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All-Hazards Approach is Needed to Support Building Movement Strategies.

pdf icon All-Hazards Approach is Needed to Support Building Movement Strategies. (67 K)
Groner, N. E.

NIST SP 1032; January 2005.

Workshop on Building Occupant Movement During Fire Emergencies. Proceedings. Session 3.4. June 10-11, 2004, Gaithersburg, MD, Peacock, R. D.; Kuligowski, E. D., Editor(s)(s), 53-54 pp, 2005.


occupants; people movement; emergencies; hazard analysis; evacuation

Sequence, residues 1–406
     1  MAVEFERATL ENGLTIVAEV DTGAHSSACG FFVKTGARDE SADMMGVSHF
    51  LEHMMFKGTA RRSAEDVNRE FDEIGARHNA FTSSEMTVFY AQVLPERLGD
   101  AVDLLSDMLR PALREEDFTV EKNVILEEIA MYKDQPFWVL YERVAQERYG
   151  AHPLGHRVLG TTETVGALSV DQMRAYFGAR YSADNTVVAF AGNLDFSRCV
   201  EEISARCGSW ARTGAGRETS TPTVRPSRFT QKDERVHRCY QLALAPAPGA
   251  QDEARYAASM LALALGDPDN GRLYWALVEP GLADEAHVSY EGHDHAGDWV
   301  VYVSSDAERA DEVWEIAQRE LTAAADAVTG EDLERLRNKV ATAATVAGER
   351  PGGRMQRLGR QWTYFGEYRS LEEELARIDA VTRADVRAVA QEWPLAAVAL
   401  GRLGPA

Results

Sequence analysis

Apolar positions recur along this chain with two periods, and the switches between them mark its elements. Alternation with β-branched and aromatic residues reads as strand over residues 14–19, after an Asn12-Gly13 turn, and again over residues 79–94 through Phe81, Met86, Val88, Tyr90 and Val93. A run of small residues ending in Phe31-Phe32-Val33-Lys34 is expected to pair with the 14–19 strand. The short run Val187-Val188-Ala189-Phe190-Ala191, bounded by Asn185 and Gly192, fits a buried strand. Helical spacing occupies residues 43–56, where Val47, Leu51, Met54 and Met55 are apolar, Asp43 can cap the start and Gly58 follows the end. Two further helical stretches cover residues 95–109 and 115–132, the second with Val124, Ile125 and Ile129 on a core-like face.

People face a variety of hazards in built environments. The emergency management field has developed various approaches applicable to building emergencies, and the "all-hazards" or "multi-hazards" approach is among the most potentially valuable. At all levels of government, from the Federal Emergency Management Agency to local governments, officials recognize that the same basic functions must be activated in response to any and all hazardous events. Unfortunately, at the level of building management, this is not typically the case. Even with its great concentration of large buildings, many New York City building owners and managers employ both fire safety and security directors who may not work well together during emergencies despite their interdependence on achieving favorable outcomes. Different people may organize an evacuation in response to a fire and a bomb threat. The current situation inhibits efficient and effective engineering mitigation and responses to building emergencies.